Why We Need the Sun
id you know that the sun gives off way more wavelengths than humans can perceive? These visible and invisible waves contain a variety of benefits for your physical and mental health and wellbeing. In today’s post, I’m going to give you an overview of why it is important to begin tapping into the earth’s greatest and most important source of power: the sun.
Think about your day: how often do you go outside and just enjoy the sunshine? Often, we go from our houses to the car, and from our cars right into our offices. When we do that, we miss out on the free benefits Mother Nature’s got to offer us. Instead, the artificial lights we encounter negatively impact our quality of life.
Many people know that exposure to the sun allows the body to produce vitamin D, but not everyone knows the full extent of those benefits or that the fact that taking vitamin D supplements is no substitute for going out in the sun. These supplements give you a different form of vitamin D that has been found to be less effective for preventing diseases and promoting health. The sun’s rays help you produce the active form of vitamin D which regulates over 1000 genes in your body, leads healthy growth and development, and can be used in treatments against depression, diabetes, and high blood pressure.
Around the world, the vitamin D deficiency is an epidemic that is largely ignored. It estimated that nearly a billion people are deficient and it is especially problematic within cultures that have a negative stigma placed on darker skin such as in Asia and in the Middle East. Not only are they missing out on the benefits of vitamin D, they’re also at a greater risk for issues like obesity, fibromyalgia, chronic fatigue syndrome, osteoporosis, and it may even be responsible for causing some kinds of cancers.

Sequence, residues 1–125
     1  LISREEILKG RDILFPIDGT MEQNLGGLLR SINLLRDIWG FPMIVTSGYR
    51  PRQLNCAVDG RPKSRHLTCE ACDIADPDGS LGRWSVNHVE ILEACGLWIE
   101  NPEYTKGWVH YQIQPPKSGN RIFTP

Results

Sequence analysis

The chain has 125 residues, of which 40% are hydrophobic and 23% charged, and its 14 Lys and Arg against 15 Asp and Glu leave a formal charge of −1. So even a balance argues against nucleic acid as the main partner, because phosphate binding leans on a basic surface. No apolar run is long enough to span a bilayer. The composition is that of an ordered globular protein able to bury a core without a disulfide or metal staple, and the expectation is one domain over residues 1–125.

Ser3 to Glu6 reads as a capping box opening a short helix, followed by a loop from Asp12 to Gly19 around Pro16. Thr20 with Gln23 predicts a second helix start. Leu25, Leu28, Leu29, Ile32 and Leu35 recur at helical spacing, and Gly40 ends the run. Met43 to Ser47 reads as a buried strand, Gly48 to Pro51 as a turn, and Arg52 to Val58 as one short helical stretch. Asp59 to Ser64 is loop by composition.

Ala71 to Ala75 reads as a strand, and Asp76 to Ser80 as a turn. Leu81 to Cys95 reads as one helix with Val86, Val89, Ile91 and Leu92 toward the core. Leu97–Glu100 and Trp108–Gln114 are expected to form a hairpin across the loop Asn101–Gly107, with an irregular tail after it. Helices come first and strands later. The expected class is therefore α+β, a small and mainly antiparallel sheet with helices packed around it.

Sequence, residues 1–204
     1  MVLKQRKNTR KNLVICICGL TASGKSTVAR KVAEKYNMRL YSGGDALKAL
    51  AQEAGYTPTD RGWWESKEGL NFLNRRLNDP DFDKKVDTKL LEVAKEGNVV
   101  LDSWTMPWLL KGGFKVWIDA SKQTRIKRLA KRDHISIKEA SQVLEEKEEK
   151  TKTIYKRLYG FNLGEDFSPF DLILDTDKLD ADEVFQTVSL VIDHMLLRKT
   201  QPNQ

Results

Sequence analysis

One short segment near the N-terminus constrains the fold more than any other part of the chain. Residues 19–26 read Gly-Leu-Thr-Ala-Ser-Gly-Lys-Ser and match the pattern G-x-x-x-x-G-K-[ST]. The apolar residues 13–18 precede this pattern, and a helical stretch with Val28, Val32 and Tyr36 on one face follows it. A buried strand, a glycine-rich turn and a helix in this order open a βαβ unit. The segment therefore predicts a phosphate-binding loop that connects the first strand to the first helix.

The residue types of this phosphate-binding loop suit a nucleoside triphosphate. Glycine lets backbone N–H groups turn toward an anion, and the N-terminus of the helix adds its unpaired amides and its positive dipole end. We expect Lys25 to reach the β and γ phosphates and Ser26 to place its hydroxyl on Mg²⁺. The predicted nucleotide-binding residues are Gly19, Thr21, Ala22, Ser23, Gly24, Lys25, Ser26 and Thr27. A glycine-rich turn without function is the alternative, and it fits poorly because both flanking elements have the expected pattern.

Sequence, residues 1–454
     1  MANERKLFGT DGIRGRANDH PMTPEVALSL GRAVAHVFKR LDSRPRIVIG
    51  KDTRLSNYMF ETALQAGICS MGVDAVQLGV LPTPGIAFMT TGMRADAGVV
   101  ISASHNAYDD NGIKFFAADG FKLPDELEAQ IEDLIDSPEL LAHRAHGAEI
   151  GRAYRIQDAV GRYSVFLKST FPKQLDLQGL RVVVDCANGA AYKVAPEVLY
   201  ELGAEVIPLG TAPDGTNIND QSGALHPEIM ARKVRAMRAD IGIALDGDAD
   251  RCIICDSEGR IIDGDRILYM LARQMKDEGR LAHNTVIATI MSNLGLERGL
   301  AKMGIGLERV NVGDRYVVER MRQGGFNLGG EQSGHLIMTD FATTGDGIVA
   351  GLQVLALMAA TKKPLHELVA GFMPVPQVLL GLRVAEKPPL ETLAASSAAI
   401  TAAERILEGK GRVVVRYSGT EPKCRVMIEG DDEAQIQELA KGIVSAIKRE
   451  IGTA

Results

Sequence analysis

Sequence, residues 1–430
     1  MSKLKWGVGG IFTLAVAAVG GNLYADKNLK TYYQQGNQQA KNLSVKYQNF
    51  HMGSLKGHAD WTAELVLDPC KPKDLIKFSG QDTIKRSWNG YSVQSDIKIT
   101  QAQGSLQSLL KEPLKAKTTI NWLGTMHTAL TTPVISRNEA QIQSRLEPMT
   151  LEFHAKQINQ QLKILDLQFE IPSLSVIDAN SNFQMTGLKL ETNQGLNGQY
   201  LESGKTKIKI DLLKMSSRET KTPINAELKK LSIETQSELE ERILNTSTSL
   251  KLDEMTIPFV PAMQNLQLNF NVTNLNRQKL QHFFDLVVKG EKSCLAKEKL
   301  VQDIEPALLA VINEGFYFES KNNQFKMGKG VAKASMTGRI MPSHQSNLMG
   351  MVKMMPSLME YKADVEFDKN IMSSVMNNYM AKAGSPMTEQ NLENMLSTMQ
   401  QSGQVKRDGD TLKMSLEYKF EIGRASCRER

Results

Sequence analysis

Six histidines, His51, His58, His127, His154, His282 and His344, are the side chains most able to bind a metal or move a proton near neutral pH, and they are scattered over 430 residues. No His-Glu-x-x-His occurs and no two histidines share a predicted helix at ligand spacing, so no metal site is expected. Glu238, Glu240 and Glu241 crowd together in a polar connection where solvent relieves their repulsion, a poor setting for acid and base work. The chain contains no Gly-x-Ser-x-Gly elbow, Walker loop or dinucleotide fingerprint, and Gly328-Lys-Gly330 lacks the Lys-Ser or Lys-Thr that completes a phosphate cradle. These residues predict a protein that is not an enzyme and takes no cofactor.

Your vitamin D levels should be around 50-80 ng/mL. You can check your levels here.
Why Do People Get Tired by the Sun?
You may have experienced this before: after a long day of activities outside, you feel tired, dehydrated, and maybe even a little sunburnt. This is because the heat from the sun causes your sweat and other bodily water to evaporate more quickly leaving you feeling drained. Internally, improper sun exposure can damage your cells, cause inflammation, and use up your body’s natural antioxidants. In order to get the full benefits of the sun and avoid feeling tired, you need to build up a tolerance to the sun’s rays.
The sun’s energy interacts with your body through a process called hormesis. Hormesis is from a Greek word meaning “rapid motion and eagerness” but it actually describes a phenomenon that requires much patience and discipline. Instead of jumping into something off the get go, hormesis means that you need to work up to it gradually. Think of training for a marathon: you wouldn’t go directly from the couch to running 26 miles! Instead, you’d train every day, adding more and more distance as you gain strength and confidence. Being able to take in all of the sun’s benefits while minimizing its potential harms works in a similar way.
In order to start feeling empowered and healthier thanks to the sun, you need to gradually work your way up to being able to sit in the sun for lengthier times which I explain in Part 3. Want to get out into the sun right away? Start small with no more than ten or fifteen minutes at a time! You can try my how-to video about how to maximize your vitamin D in a shorter amount of time.
Don’t forget to join in our Facebook discussion. How have you made sure to get yourself some sun? What have your experiences been? I want to hear from you!